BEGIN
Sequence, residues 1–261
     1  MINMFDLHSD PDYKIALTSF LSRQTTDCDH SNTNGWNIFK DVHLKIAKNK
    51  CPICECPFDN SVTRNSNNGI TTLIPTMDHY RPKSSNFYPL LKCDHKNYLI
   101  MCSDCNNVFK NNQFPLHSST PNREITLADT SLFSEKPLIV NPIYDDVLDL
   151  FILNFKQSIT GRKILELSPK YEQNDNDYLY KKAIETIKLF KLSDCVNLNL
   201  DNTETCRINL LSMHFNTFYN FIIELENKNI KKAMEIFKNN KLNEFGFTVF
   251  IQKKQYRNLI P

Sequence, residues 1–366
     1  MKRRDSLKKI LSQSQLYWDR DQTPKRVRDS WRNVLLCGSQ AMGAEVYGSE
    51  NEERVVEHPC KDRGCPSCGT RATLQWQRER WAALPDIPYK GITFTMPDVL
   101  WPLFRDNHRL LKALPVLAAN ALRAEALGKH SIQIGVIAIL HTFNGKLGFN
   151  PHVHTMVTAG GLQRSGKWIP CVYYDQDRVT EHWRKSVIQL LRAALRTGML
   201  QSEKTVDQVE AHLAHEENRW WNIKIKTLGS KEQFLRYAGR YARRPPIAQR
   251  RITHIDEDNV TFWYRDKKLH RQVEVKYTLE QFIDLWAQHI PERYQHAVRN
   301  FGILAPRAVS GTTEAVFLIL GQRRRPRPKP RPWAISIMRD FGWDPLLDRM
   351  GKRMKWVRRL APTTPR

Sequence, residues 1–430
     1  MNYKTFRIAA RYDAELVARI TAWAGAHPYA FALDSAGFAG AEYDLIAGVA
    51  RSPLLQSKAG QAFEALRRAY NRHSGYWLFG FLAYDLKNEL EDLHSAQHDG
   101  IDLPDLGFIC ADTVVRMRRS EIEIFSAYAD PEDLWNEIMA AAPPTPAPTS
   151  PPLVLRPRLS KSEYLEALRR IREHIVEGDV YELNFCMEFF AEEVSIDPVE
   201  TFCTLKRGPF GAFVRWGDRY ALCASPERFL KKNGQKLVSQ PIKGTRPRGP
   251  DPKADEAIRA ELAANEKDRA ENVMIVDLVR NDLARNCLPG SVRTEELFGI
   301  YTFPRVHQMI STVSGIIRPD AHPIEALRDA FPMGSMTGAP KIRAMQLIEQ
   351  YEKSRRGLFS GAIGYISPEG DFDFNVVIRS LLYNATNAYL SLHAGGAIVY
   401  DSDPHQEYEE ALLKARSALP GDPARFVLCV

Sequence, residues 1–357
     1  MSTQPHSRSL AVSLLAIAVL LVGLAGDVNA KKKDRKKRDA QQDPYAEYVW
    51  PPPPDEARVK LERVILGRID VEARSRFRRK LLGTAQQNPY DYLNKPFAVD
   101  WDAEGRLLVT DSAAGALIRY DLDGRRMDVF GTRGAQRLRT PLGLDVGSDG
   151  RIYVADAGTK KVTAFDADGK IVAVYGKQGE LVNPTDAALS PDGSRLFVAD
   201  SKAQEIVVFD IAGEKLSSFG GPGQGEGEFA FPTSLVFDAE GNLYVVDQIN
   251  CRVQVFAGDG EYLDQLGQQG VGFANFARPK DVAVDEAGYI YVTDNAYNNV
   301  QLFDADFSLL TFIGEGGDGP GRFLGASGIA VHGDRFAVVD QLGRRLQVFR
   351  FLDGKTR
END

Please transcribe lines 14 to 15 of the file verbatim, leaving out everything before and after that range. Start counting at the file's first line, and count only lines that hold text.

   251  RITHIDEDNV TFWYRDKKLH RQVEVKYTLE QFIDLWAQHI PERYQHAVRN
   301  FGILAPRAVS GTTEAVFLIL GQRRRPRPKP RPWAISIMRD FGWDPLLDRM